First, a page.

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  • Commentary to the Maastricht Principles on Extraterritorial Obligations of States in the Area of Economic, Social and Cultural Rights
  • Olivier De Schutter (bio), Asbjørn Eide (bio), Ashfaq Khalfan (bio), Marcos Orellana (bio), Margot Salomon (bio), and Ian Seiderman (bio)

On 28 September 2011, at a gathering convened by Maastricht University and the International Commission of Jurists, a group of experts in international law and human rights adopted the Maastricht Principles on Extraterritorial Obligations of States in the area of Economic, Social and Cultural Rights.

The experts came from universities and organizations located in all regions of the world and included current and former members of international human rights treaty bodies, regional human rights bodies, and former and current Special Rapporteurs of the United Nations Human Rights Council. [End Page 1084]

Based on legal research conducted over a period of more than a decade, the undersigned experts adopted the following principles:

Preamble

The human rights of individuals, groups and peoples are affected by and dependent on the extraterritorial acts and omissions of States. The advent of economic globalization in particular, has meant that States and other global actors exert considerable influence on the realization of economic, social and cultural rights across the world.

Despite decades of growing global wealth, poverty remains pervasive and socioeconomic and gender inequalities endure across the world. Moreover, individuals and communities face the continuing deprivation and denial of access to essential lands, resources, goods and services by State and non-State actors alike.

Countless individuals are subsequently unable to enjoy their economic, social and cultural rights, including the rights to work and decent working conditions, social security and care, an adequate standard of living, food, housing, water, sanitation, health, education and participation in cultural life.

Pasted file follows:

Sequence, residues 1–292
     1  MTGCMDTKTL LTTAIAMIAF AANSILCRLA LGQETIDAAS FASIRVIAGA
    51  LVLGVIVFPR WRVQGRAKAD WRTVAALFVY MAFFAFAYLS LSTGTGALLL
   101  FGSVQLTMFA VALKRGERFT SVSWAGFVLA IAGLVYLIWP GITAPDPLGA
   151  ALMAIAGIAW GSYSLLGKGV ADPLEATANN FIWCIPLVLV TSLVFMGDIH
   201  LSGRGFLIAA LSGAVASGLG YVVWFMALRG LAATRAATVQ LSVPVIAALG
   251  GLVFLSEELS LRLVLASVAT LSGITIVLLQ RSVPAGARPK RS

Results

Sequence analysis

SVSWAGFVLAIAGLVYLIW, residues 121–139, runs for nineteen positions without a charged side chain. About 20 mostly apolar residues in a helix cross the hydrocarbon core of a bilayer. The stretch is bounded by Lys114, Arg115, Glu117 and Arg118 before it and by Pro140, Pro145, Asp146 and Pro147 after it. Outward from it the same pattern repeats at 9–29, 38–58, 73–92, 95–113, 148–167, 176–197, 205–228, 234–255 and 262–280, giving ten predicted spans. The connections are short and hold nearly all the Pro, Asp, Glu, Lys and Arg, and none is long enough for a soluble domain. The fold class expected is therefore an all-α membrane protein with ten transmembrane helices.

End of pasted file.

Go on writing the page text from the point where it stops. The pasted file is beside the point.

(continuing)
States have recognized that everyone is entitled to a social and international order in which human rights can be fully realized and have undertaken to pursue joint and separate action to achieve universal respect for, and observance of, human rights for all.

In the Vienna Declaration and Programme of Action, all States affirmed the importance of an international order based on the principles of equal rights and self-determination of peoples, peace, democracy, justice, equality, rule of law, pluralism, development, better standards of living and solidarity. In pursuit of these objectives, States reaffirmed in the Millennium Declaration their collective responsibility to uphold these principles at the global level.

States have repeatedly committed themselves to realizing the economic, social and cultural rights of everyone. This solemn commitment is captured in the Charter of the United Nations, and is found in the Universal Declaration on Human Rights and numerous international treaties, such as the International Covenant on Economic, Social and Cultural Rights, the International Convention on the Elimination of All Forms of Racial Discrimination, the Convention on the Elimination of All Forms of Discrimination Against Women, the Convention on the Rights of the Child, the Convention on the Rights of Persons with Disabilities, the International Convention on the Protection of the Rights of All Migrant Workers and Members of Their Families, as well as in the International Covenant on Civil and Political Rights and many regional human rights instruments. [End Page 1085]

These commitments include the obligation to realize progressively economic, social and cultural rights given the maximum resources available to States, when acting individually and through international assistance and cooperation, and to guarantee these rights without discrimination on the basis of race, colour, gender, sexual orientation and gender identity, language, religion, political or other opinion, national or social origin, property, birth, disability or other prohibited grounds in international law.

Drawn from international law, these principles aim to clarify the content of extraterritorial State obligations to realize economic, social and cultural rights with a view to advancing and giving full effect to the object of the Charter of the United Nations and international human rights.

These Principles complement and build on the Limburg Principles on the Implementation of the International Covenant on Economic, Social and Cultural Rights (1986) and on the Maastricht Guidelines on Violations of Economic, Social and Cultural Rights (1997).1

I. General Principles

1. All human beings everywhere are born free and equal in dignity and are entitled without discrimination...

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Additional Information

ISSN
1085-794X
Print ISSN
0275-0392
Pages
pp. 1084-1169
Launched on MUSE
2012-11-05
Open Access
No
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